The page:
Creative Cloud

I’m finally going to be able to take full advantage of Adobe’s Creative Cloud Service. I’ve been using the service for two years thanks to my wife’s school discount but in a very limited capacity. I have only been able to use the apps on my iPad and Photoshop and InDesign at work. The reason for the limited use was the age of my home PC. Not long after I began using Creative Cloud Adobe stopped supporting both my CPU and GPU. With a new PC now that will change.

Education Available

Adobe’s Creative Cloud service may not be an inexpensive subscription, but it may be essential. I’m old enough to remember the days of finding someone with a bootleg copy of Photoshop. Getting access to such a powerful design program back in the early days was impressive. Of course back in those days there was very little educational resources. With no real knowledge and no way to learn, it became more of a geek trophy.

Today there are plenty of resources available online to learn Adobe’s products. My favorite Adobe instructor is Designer & Adobe Certified Instructor Daniel Walter Scott from Bring Your own Laptop. From my first InDesign course with Daniel on Udemy I knew I was going to learn a lot. It was because of this I knew I wanted to continue learning these powerful tools.

An Impressive Toolbox

Adobe’s Creative Cloud has a lot of great resources for game development. Although I began using most for creative design it’s clear how I’ll be using them for game design now. I have begun to use Fresco for my sketches and drawings. I have used Photoshop for character design in the past but its clear it will also help with backgrounds as well. Illustrator will likely come in handy once I eventually settle on a logo design and Premiere Pro should help with game trailers and videos. Programs like Animate and Character Animator were not on my radar until I recently discovered their inclusion in the all apps package. It will be interesting to see how I integrate these two programs into character design.

I still plan to use programs like blender and Aseprite but in looking for the right tools I began to realize I had downloaded a lot of different programs. Using many of the tools in Creative Cloud will hopefully cut down on the time it takes to learn each and every one individually.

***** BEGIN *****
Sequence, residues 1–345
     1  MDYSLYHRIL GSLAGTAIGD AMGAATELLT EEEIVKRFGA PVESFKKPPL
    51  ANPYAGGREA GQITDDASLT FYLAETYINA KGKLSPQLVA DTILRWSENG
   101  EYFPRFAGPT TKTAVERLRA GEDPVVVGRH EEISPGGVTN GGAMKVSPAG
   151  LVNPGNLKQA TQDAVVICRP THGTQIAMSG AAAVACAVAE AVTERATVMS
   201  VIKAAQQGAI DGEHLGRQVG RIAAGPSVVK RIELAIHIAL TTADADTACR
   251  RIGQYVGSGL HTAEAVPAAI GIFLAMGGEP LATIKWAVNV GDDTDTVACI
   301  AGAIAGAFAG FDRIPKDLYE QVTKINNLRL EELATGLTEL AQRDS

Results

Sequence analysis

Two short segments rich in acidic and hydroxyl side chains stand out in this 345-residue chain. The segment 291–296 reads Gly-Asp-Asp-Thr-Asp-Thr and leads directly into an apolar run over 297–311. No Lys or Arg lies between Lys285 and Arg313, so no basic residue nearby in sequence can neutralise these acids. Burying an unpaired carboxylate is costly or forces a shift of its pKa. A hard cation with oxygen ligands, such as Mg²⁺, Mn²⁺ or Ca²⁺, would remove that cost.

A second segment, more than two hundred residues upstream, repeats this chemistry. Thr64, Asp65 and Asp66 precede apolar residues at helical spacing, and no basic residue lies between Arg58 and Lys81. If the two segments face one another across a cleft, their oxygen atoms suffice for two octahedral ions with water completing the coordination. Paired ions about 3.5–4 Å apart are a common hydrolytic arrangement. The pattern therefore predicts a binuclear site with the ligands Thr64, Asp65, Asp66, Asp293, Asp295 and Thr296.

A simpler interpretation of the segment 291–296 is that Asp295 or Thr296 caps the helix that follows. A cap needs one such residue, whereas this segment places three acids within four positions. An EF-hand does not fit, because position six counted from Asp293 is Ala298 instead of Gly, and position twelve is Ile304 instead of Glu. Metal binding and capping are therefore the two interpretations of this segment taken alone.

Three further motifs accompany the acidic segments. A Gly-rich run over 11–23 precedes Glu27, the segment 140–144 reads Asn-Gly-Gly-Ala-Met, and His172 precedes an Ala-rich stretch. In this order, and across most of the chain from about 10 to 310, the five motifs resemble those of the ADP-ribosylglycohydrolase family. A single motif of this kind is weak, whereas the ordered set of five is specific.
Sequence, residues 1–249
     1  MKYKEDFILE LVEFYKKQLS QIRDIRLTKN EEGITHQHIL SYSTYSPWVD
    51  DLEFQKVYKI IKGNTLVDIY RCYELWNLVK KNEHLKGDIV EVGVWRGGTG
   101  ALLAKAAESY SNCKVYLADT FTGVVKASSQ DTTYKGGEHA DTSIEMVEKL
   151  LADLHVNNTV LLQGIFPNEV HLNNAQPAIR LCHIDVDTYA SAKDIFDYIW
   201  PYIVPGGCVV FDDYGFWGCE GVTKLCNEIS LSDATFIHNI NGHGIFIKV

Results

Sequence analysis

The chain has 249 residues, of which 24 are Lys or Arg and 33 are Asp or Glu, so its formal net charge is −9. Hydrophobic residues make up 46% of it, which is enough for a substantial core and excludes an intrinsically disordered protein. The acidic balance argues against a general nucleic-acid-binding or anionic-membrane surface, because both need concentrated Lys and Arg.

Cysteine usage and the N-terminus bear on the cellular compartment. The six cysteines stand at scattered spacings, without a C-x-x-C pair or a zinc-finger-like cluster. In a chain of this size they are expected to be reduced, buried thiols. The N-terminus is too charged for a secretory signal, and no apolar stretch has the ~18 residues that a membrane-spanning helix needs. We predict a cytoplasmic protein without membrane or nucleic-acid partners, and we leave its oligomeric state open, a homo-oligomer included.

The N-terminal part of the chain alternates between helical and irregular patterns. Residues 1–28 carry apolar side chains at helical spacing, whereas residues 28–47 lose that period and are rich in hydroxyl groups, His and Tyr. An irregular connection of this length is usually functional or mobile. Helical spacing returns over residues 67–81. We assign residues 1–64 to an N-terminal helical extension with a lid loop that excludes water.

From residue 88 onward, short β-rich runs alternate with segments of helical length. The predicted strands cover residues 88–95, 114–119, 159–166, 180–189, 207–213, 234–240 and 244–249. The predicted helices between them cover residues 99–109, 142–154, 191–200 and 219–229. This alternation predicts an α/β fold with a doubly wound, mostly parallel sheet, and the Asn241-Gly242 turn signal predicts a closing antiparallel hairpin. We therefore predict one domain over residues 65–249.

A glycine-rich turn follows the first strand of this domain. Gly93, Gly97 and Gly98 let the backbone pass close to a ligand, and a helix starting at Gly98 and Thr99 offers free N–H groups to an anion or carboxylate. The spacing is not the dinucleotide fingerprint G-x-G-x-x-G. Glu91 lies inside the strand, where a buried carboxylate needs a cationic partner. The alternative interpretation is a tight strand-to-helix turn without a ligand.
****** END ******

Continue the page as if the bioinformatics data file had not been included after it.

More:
Not for Everyone

I do understand that using Adobe’s products may not be for everyone. The subscription model can be a bit pricey at $52.99 a month for the All Apps plan. It does help if you can get the educational discount of course. For me I’m not sure I could do without them even at this point. Now with the ability to work at home more as well as on the iPad they’ll become even more valuable. One of my disappointments is that the Substance 3D collection is a separate $49.99 a month charge. These programs were recommended in the book Gamedev by Wlad Marhulets but I will likely stick with learning blender instead.

Some may have an issue with the inability to buy the programs outright anymore but given the fact that most of these programs were in the hundreds to purchase, the subscription model does in deed fit the individual consumer much better.

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Graduated from Penn State in 1998 with a Bachelors in Marketing. Worked at The Mall at Steamtown in Scranton PA for 13 years.

In January of 2015 I started working for Jewish Family Service in Scranton, PA for a new position as Coordinator of Marketing and Development.

In 2016 I acquired my Social Media Certification through Hootsuite, In 2020 I was Certified in Blackbaud eTapestry, and in 2022 I obtained the Community Manager Certification from Facebook.

Over the past two years I have been taking courses in drawing and design, computer programming and learning to play the guitar.